That’s not the person I am and I wouldn’t be okay with that. If and when I get to the point of having something with somebody, it will be something to quote your favorite word “serious.” It’s weird. I don’t know if there’s something wrong with it or if is there something wrong with me. I’m not up for a casual sex thing. I tend to stay single because I’m all or nothing in that respect.
I should clarify. I would say that you’re firmly a New Way. What I was saying is there are an infinite number of ways to be a New Way. I pick some of the more provocative ways for people who are consistently non-monogamous, seeking friends with benefits or polyamorous. Simply relaxing the one standard of the escalator, which is merging your lives makes you a New Way.
If your relationship was the same in every other way, except you lived in different flats, you’re a New Way. There’s nothing traditional about that. What would happen is if you and your partner, your imaginary Mr. Darcy, go to a dinner party with a bunch of Some Day traditional types and it comes up that you live apart, at best, that gets met with curiosity. At worst, people, talk crappy things to you on the way home like, “Could you believe Lucy and Darcy? What’s wrong with them that they can’t do this?”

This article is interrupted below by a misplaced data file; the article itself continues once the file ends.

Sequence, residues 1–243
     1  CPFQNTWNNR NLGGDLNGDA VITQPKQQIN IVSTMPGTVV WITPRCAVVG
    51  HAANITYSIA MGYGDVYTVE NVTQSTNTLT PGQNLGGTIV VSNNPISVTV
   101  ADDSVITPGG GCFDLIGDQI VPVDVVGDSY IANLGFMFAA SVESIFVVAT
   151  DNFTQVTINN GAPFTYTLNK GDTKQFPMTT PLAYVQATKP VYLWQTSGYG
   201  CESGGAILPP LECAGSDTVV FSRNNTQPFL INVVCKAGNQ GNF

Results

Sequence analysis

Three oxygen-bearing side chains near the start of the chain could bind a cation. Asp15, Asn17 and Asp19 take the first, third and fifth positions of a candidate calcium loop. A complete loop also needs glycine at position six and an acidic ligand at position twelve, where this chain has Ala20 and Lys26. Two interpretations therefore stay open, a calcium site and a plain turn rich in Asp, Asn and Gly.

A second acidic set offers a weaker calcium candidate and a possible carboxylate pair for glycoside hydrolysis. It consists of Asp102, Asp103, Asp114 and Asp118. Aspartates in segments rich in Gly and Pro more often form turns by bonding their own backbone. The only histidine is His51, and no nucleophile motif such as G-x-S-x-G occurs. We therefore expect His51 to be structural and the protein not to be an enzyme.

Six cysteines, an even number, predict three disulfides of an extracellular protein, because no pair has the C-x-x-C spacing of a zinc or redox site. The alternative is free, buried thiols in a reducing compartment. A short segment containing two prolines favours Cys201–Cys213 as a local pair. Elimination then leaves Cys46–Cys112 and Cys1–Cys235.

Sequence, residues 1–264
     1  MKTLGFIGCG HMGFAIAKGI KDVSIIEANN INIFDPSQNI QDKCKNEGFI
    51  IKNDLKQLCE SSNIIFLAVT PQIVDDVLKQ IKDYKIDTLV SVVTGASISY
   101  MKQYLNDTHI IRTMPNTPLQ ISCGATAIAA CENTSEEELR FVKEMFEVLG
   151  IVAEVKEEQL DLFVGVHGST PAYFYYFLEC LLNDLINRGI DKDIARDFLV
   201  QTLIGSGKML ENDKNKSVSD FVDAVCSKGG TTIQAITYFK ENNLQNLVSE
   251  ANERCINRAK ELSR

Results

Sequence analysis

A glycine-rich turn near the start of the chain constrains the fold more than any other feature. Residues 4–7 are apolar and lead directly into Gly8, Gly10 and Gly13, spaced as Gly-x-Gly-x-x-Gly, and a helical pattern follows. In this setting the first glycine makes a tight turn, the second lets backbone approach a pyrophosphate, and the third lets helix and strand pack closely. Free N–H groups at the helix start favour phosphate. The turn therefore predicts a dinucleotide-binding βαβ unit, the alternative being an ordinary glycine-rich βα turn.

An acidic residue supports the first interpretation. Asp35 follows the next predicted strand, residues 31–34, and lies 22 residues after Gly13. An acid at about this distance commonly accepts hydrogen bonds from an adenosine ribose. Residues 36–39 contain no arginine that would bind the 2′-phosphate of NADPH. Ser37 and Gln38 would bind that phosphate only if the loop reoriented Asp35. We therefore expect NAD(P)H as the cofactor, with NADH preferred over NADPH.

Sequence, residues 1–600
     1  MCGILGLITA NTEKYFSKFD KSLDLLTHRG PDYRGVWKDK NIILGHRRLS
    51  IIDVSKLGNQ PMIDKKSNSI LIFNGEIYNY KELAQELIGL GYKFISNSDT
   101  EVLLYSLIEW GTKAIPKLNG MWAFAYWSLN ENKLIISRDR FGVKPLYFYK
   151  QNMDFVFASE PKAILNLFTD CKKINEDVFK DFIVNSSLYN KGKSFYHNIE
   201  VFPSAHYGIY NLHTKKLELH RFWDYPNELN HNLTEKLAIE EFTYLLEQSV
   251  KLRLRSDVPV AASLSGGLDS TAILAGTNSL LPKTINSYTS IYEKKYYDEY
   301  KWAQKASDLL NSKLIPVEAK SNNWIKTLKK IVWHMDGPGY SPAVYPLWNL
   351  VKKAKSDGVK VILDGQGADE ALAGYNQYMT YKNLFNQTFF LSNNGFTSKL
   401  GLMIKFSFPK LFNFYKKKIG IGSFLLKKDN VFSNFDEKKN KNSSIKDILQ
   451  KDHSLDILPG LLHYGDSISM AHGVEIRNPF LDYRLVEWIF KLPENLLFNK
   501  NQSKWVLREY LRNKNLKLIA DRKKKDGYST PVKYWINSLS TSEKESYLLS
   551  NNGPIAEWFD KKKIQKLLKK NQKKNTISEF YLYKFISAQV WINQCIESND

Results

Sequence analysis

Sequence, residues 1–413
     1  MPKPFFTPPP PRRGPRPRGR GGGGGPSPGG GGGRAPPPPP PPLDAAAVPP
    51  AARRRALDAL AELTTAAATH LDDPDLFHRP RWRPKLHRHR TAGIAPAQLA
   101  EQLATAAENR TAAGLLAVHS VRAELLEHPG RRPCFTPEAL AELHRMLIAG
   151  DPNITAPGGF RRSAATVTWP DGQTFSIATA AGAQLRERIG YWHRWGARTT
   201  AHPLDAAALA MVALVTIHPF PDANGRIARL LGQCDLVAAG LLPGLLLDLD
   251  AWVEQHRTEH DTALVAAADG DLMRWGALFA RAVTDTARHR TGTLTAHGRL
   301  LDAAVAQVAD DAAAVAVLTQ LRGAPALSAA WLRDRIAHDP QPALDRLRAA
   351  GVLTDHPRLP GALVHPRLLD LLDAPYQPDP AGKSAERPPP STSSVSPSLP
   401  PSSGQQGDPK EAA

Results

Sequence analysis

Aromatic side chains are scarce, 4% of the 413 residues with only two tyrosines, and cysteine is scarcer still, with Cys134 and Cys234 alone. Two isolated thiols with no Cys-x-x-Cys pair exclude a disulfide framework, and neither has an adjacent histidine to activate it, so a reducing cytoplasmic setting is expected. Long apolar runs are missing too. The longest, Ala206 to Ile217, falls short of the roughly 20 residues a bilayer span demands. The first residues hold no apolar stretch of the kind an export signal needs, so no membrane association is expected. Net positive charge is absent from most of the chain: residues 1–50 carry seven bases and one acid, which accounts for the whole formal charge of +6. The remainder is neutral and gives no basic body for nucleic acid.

When you think about the history of marriage and the invention of marriage, it was about merging two people as one. Some of that was pragmatic. You needed two people to run a household in an agrarian society. The vestiges of that make this a moral issue for people. While you two are content and thriving, your relationship is better. Your sex is better because you don’t live together. That is very threatening to the people who are doing it traditionally, even though for some of them, deep down inside there’s a bit of envy.
Partly why we get those comments like, “What’s wrong with them,” a lot of it comes from the fact that so many couples are not freaking happy but they are staying together because they’re too afraid to leave and be alone. They think being alone is the most terrifying thing on the planet. Not everybody but a lot of people. To make themselves feel better about their relationship, they have to talk about other people’s relationships.